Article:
Curandero: Understanding Latino Folk Medicine

Lawndale News Chicago's Bilingual Newspaper - Health

Natural healing—the art of curandero or curanderismo (taken from the Spanish word “curar,” or to cure)—isn’t necessarily a thing of the past. Many Latinos continue to drink teas of barks and berries for internal ailments, use plant leaves and roots for external injuries, and take part in healing rituals to rid the soul of dangerous spirits. The medical community has often been skeptical about folk healing. However, recent studies have begun to show a scientific basis behind many traditional curandero practices. Below is a few popular ingredients in natural Latino medicine.

Garlic (Ajo)

Garlic has traditionally been used in Latino curandero practices to protect the soul from enemies, negative energy and lurking evil. It’s common to see cloves of garlic hung over doorways in Latino households, eaten raw for protection from internal and external ailments and even burned regularly in homes to keep negative spirits away. Modern medicine seems to back up the idea that garlic can be a fierce protector of our health. Several large-scale studies have proven that the herb is an effective cure for several conditions linked to the blood system and heart, including atherosclerosis (the hardening of the arteries), high cholesterol, heart attack and hypertension.

Lawndale News Chicago's Bilingual Newspaper - Health

Eucalyptus (Eucalyptol)

Latino folk healers have generally used the dried leaves and oil from the Eucalyptol tree mostly for respiratory ailments. The plant is used in order to loosen coughs and decrease the symptoms of colds, fevers and even asthma, and is also thought to naturally boost immunity. The plant is shown to reduce both the pain and swelling of mucous membranes in the respiratory tract. When used topically, eucalyptus oil is proved to decrease swelling from joint pain, genital herpes and acne, and also is a powerful insect repellant. In dentistry, the plant’s oil is used as a sealer and solvent for root canal fillings because of its antibacterial qualities.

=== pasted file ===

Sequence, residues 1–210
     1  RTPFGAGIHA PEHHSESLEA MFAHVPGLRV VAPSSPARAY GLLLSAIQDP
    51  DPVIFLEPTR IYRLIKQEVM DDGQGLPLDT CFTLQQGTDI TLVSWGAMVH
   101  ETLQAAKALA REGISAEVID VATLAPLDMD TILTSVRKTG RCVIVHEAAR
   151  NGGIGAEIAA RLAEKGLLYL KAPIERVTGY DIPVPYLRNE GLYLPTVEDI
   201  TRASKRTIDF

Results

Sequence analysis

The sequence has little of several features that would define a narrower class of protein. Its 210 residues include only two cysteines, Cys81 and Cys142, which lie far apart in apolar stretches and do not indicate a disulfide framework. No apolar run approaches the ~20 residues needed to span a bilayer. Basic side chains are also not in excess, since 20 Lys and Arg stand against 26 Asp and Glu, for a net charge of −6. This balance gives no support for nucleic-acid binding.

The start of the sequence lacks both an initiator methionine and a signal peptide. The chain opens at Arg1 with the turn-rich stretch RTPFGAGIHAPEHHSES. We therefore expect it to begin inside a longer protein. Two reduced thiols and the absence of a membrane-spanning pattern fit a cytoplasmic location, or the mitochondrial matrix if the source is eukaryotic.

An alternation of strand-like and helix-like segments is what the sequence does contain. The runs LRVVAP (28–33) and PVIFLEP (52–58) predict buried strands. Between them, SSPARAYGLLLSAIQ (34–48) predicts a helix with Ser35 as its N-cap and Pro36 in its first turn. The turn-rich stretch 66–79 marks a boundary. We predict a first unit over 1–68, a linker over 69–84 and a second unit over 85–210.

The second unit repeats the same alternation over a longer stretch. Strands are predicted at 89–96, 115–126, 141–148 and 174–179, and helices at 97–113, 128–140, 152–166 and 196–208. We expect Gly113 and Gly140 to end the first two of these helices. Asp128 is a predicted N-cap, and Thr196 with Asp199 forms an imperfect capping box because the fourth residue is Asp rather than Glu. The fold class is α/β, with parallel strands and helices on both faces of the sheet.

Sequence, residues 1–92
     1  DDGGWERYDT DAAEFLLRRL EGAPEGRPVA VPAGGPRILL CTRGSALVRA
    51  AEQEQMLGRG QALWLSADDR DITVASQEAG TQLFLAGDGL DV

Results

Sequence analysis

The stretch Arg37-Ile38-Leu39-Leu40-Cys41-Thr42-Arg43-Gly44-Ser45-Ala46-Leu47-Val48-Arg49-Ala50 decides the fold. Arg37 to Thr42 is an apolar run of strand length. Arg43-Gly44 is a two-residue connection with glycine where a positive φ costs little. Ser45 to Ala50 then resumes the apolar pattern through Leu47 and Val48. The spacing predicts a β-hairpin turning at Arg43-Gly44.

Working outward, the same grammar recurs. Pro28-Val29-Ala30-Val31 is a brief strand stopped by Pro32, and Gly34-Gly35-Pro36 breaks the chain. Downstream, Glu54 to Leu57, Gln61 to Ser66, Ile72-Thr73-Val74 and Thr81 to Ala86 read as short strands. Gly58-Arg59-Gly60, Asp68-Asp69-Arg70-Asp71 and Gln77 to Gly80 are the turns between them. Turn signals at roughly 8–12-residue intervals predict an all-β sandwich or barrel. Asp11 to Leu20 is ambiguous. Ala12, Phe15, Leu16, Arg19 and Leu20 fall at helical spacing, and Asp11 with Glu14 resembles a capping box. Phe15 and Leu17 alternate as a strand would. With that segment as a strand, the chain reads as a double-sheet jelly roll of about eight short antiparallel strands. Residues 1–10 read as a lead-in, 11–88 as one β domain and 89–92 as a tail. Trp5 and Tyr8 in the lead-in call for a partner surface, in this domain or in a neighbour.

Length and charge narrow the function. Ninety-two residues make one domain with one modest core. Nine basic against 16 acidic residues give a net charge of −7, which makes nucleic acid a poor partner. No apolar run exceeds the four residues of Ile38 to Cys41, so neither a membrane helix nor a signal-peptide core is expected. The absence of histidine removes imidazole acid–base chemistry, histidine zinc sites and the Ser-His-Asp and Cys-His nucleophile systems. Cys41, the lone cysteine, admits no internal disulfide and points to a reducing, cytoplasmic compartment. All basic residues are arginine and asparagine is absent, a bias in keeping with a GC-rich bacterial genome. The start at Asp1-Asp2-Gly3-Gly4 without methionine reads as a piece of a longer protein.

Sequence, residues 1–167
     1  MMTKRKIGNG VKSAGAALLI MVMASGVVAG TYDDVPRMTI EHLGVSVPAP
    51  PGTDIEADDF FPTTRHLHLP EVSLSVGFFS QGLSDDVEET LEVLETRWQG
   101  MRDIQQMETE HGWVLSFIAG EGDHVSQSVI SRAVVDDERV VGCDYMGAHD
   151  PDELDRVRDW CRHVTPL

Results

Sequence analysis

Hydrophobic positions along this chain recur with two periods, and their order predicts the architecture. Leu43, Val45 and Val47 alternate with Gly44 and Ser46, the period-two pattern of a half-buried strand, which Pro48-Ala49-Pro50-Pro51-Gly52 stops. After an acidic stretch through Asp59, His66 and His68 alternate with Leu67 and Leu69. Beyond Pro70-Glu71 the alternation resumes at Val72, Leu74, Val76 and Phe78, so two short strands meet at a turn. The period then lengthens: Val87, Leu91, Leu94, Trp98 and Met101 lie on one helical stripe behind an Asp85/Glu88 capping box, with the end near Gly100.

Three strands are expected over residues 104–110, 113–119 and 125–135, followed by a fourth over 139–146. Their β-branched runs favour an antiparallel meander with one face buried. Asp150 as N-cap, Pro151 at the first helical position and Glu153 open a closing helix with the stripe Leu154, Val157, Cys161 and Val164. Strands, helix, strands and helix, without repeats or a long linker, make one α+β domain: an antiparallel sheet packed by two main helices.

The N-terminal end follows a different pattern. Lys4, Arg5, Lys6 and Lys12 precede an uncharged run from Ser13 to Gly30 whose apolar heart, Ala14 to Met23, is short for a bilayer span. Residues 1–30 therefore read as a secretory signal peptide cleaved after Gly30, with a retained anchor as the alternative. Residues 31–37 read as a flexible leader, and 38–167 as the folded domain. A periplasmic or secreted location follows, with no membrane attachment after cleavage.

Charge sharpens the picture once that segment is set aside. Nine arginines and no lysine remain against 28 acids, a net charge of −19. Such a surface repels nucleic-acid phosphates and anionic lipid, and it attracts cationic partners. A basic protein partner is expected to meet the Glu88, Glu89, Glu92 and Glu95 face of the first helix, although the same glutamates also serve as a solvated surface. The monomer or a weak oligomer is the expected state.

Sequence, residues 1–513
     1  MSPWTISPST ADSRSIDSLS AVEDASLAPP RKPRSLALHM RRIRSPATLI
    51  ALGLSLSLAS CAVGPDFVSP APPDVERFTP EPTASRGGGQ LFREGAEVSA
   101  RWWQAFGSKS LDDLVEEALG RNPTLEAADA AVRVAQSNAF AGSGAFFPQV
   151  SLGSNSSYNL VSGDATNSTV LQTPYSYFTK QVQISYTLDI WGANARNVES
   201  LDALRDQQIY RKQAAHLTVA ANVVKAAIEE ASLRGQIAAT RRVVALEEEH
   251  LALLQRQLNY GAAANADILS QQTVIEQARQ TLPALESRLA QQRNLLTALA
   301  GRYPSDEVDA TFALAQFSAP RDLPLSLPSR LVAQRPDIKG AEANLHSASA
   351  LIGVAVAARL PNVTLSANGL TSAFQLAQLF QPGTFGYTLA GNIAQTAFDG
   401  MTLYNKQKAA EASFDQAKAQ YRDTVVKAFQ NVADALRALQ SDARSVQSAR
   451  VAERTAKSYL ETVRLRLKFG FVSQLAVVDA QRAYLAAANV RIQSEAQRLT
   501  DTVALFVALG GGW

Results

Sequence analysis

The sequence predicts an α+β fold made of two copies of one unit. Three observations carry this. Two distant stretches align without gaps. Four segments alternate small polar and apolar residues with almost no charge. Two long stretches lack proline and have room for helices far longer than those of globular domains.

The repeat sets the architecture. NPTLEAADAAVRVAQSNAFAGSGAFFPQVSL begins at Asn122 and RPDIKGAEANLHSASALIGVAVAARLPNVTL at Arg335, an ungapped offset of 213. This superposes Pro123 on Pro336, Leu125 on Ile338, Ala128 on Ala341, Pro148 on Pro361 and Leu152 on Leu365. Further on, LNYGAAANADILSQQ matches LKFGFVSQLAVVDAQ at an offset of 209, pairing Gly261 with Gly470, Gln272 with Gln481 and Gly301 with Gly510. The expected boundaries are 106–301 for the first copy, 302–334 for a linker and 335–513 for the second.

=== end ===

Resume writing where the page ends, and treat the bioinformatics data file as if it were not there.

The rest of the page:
Lawndale News Chicago's Bilingual Newspaper - Health

Quinine (Cinchona)

As far back as the 1600s, native Peruvians used the bark of the cinchona tree, the only natural source for quinine, as a potent treatment for malaria. The tree was then brought to Europe by the Jesuits and was considered up until the mid-1940s as the most effective preventative treatment and cure for the disease. Quinine is a true example of how allopathic medicine—or traditional, pharmaceutical-based Western medicine—can benefit from the art of natural healing. A synthetic version of the plant is now available with a prescription as well as over the counter in most U.S. pharmacies for a wide range of ailments. Quinine is used to treat lupus and arthritis, and it still remains a treatment for malaria, especially in the developing world due to its low cost. It also is frequently prescribed as an off-label cure for nocturnal leg cramps.

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